closeup of silicone glue gun being applied to glass

(Image credit: Getty Images)
  • Dividend yield: 2.3%
  • Consecutive annual dividend increases: 11

Sika AG (SXYAY, $27.93) is a Swiss multinational specialty chemicals company that develops systems and products for the building and motor vehicle industries. So, for example, its automotive-focused products include exterior adhesives, paint shop sealants and body shop structural inserts. And its building products go into the production of windows, doors, flooring, facades and more.

A potential growth opportunity for Sika is the decarbonization of those two industries. For instance, in 2021, the company announced it had developed concrete admixtures using Limestone Calcined Clay Cement (LC3) technology, which lowers CO2 emissions. And its crash-resistant SikaPower structural adhesives help reduce not just car weight, but welding points in auto production, lowering energy input.

CFRA analyst Adrian Ng became more positive on the name in February: "We raise our recommendation on Sika to Buy from Hold with a higher target price of CHF315 (CHF270) … on the group's fast improving margins and better-than-expected activity in the construction industry," he wrote. "With strong results through 2021 and 2022, we turn more positive on Sika given the better-than-expected construction activity around the world going into 2023."

Sika is a member of the S&P Europe 350 Dividend Aristocrats by merit of 11 consecutive annual dividend increases. That includes a nice 10% upgrade to the payout in 2022, to 3.2 Swiss francs per share.

Smurfit Kappa Group 

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(Image credit: Getty Images)
  • Dividend yield: 3.7%
  • Consecutive annual dividend increases: 11

Ireland-based Smurfit Kappa Group (SMFKY, $36.48) is one of the world's largest paper packaging companies. Its list of products ranges from basic cardboard boxes and beer bottle carriers to confectionary cushion pads and adhesive and sealant cartridges.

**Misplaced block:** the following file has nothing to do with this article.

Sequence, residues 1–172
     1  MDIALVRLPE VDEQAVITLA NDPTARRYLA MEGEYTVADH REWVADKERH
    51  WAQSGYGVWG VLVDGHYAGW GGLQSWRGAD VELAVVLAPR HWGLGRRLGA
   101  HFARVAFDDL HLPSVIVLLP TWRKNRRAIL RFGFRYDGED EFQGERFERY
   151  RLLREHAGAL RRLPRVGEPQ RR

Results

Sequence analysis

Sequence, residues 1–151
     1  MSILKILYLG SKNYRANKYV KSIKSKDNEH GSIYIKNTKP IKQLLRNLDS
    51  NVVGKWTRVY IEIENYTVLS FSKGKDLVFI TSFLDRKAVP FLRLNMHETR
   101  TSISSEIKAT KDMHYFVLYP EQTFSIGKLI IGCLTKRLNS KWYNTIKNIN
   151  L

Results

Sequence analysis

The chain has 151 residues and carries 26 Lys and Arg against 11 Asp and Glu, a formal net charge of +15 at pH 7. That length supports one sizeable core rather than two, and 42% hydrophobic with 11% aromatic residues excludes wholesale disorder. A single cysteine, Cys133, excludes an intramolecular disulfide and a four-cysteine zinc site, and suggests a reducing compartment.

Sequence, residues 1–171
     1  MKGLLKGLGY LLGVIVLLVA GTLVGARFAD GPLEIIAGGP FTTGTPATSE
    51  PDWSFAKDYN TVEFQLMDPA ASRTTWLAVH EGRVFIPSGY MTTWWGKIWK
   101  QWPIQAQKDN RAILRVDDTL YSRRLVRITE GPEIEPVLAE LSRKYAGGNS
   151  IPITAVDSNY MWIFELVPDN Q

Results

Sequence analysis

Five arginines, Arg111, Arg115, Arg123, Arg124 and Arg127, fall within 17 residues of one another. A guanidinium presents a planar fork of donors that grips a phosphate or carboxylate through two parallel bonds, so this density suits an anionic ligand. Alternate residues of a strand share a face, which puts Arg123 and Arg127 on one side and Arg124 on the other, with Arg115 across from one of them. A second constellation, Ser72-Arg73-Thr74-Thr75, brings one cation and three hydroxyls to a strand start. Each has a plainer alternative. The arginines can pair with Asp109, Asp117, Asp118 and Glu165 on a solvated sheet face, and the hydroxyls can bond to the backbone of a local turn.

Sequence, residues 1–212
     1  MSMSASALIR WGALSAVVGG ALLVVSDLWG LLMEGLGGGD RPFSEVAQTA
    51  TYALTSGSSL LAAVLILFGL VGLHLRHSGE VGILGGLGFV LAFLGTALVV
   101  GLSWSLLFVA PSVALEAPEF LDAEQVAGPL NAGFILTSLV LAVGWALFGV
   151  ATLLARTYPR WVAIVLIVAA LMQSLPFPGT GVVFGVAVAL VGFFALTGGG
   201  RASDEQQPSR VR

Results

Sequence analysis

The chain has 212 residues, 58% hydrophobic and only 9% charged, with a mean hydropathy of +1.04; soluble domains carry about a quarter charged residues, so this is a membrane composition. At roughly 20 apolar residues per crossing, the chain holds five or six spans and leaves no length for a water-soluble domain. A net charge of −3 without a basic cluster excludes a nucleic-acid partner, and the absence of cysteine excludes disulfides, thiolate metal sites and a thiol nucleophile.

The company enjoyed a banner 2022 that saw revenues jump 27% to 12.8 billion euros and earnings before interest, taxes, depreciation and amortization (EBITDA) soar 38% to 2.35 million euros. This all was despite slightly lower box volumes, which the group somewhat chalked up to "the partial reversal of the unsustainably high demand levels seen throughout the pandemic period."

That allowed Smurfit to approve a 12% YoY increase in the final 2022 dividend, to 107.6 euro cents per share. (Note: The interim dividend of 31.6 euro cents per share was 8% better than 2022's interim payout.) That raise marked 11 straight years of higher cash distributions for shareholders.


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(Image credit: Getty Images)
  • Dividend yield: 1.0%
  • Consecutive annual dividend increases: 12 

Danish transport and logistics company DSV (DSDVY, $92.11) gets things from A to B in just about every conceivable way. The company's solutions include any type of road transport, from local to international; rail freight; sea freight; air freight; and courier services. It even has tailored solutions for "oversized or complex cargo," boasting that it once transported a 35-meter transition piece for the Sheringham Shoal wind farm off the east coast of England.

On top of that, DSV also tackles logistics solutions such as warehousing and fulfillment.

2022 was a big year for DSV, which finalized the integration of Agility's Global Integrated Logistics business (GIL). This helped drive growth in gross profits (35%) and EBIT (47%) for its Solutions division. Overall, EBIT grew by 48% year-over-year in 2022.

As a result, the board approved a big 18% jump in the dividend, to 6.5 Danish krones per share – the firm's 12th consecutive payout increase, keeping up DSV's membership in the European Dividend Aristocrats.


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(Image credit: Getty Images)
  • Dividend yield: 2.4%
  • Consecutive annual dividend increases: 12 

Sanitary technology group Geberit (GBERY, $54.98) deals in one of the least glamorous rooms in the home.